Yeah, that’s the kind of Hall we’re going to be. You got a problem with that? Luis Sojo was…not great. In fact it would be a stretch to say he was really good. But goddamn it, the guy’s career was absolutely fantastic. And as the HORG celebrates the previously unrecognized greatness of baseball, we’re putting this guy into the HORG.

Yes, the HORG fully recognizes that had he never been traded to the New York Yankees in 1996, Luis Sojo would most likely have been forgotten. But he was, which means he got to film Adidas commercials with David Cone, because sometimes life is awesome.

Feast on this man’s unbridled joy of being a Yankee.

I dare even the most ardent Yankee hater to tell me they don’t feel at least a little good that this guy who looks like he would make a decent beer league softball player (Not captain, mind you, but a solid glue guy for your work team), who has consistently been in the right place at the right time, as if he were God’s favorite son. This man, whose own Wikipedia page looks like it is mocking him with quotes like “He continued his hot streak into the 1995 American League Championship Series, again going 5-for-20...”

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Alright guys. You don’t need to clown him over going .250. But year in and year out it always seemed like this guy had a couple of big hits down the stretch, even though I am almost assuredly misremembering his actual contributions. Either way, Luis Sojo was the hipster Yankee fan’s player to root for.

The guy played with the Blue Jays for about five seconds in 1993, but the man got his World Series ring. Then he played with a fun bunch of Seattle guys, until they lost a few players and started to fall into the abyss in 1996, and was given a lifeline by the suddenly surging Yankees. He even hit the cover off the ball in the 1996 World Series going .600 with an RBI…over five at bats. And without scoring a run of his own. Still, he mixed a double in there. And they won the damn World Series, lifting the dreaded Yankees curse of 18 years in between titles. The guy got to wear a uniform for the 98 Yanks, and won his fourth ring before the party ended and he was forced to sign with the horrific Pittsburgh Pirates, which has to be a letdown, going from a team that won three titles in four years to a team that would eventually lose 93 games.

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But then when all hope was lost the man was traded back to the Yankees, because God was only kidding with the poor bastard.

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And as the year went on, every Yankee fan was forced to ask themselves one question. “Wait, Luis Sojo is still on the team? Was he always here? I feel like he went to Cincinnati or something?” And then we went to our desktop PC because cell phones didn’t have internet, and thought about looking up where he’d been all year, but ended up falling into a Napster rabbit hole, because man, this is the most year 2000 story ever. Heh. Mystikal. Shake yo ass. But watch yo self.

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And what does the guy do when he’s getting less and less time in the game. Oh nothing.

As I watched that team I kept seeing Luis Sojo, smiling like a stoned 14 year old, realizing that he’d been saved from the indignity of playing on a team that probably more truly reflected his actual talent. All I thought was, that man is clearly the happiest person to ever play for the Yankees. Maybe he was just always happy. I don’t know. I’m not going to claim to have watched a ton of California Angels games in the early 90’s. But it always seemed to me like he was the biggest fan who realized he was riding a wave he had no business approaching. The man earned a World Series ring for every million dollars he collected in salary. 5 rings, lifetime earnings $4,940,000.00.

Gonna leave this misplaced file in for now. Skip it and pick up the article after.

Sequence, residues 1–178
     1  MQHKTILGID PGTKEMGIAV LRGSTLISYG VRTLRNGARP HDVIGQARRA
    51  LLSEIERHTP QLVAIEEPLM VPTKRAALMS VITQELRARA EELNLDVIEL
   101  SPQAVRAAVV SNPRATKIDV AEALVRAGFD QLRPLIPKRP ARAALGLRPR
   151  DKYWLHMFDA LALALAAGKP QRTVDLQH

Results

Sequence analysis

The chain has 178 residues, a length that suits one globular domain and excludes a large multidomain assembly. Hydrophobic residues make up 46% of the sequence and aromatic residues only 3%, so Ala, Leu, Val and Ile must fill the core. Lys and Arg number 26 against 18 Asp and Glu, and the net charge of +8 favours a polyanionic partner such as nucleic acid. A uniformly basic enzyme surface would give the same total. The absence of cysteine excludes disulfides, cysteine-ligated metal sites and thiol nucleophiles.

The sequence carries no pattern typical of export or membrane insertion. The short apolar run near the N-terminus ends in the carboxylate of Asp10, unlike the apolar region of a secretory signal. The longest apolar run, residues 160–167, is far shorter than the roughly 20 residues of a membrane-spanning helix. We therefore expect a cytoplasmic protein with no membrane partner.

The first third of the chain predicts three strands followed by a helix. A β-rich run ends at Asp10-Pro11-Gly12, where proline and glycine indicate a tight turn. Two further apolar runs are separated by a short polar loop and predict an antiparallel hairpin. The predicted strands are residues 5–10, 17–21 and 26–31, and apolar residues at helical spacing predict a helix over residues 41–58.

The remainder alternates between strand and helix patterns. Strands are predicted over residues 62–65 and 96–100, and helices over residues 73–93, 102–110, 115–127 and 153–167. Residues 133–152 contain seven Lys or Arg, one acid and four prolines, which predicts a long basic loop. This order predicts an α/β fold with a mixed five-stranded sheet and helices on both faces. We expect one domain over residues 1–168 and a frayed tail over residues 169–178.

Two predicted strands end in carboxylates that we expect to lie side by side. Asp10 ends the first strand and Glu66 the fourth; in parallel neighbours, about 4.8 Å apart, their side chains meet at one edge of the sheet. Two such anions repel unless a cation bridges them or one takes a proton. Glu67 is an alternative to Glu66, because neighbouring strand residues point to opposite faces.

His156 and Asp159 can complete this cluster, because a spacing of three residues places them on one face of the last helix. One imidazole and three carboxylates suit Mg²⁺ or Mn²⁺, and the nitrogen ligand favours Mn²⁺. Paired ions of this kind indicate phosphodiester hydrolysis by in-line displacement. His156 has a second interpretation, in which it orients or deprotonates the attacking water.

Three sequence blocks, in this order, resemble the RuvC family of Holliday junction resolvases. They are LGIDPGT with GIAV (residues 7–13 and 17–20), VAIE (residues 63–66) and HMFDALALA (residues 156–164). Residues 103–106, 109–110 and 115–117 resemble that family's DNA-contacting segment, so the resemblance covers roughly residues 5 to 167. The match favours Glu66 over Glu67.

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Hey, he rode his marginal talents just about as far as anybody ever has. And in 2003 the guy got to hit a game winner in the Yankees old timer’s day game. That’s a really great capper on an extraordinary career, isn’t it? Actually nope, because the crazy bastard actually made the team later that year. Played in three games, which meant he got hot food in the clubhouse for half a week. Not too bad, Luis.

Also, this happened.

Oh yeah. I do not have any idea what that is, but good on you, Sojo.

Look, I’m probably being something of a homer here by adding Sojo to the hall. I don’t care. Look at this guy and tell me you don’t want to hang out. I bet he knows a good fishing hole somewhere nearby. I don’t even like fishing, but I’d go. Then we’ll clean up at his place, and go to a shitty bar together. Not a strip bar, but one of those local versions of Hooters like ‘Sportz Dawgz’ or ‘The Ditch’ where the girls wear the shorts that barely cover their ass. I guarantee you every one of those waitresses light up and call him by his nickname as soon as we walk through the door. Probably Gopher or something. The guy hasn’t even fooled around with any of them, but they know he’s a sweetheart, and the two of you are getting 50 cent drinks all night long. Then he’ll get way too drunk and you’ll end up at one of the server’s apartments, asleep on her leather couch while a fully clothed Gopher is passed out on the corner of her bed, respectfully giving her space. God, that idiot wore his 2000 ring, didn’t he? It’s right there on his hand. I fucking love you, Sojo.

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Luis Sojo, as I can only assume some veteran’s committee isn’t going to enshrine you, and I don’t believe the Yankees will be retiring your number…[checking]…I guess we’ll go with 19, then this is probably the end of the line for your accolades. I just want you to know that you were…well I’m not going to say really good, more like…good career? Oh fuck it. You were really good, Gopher.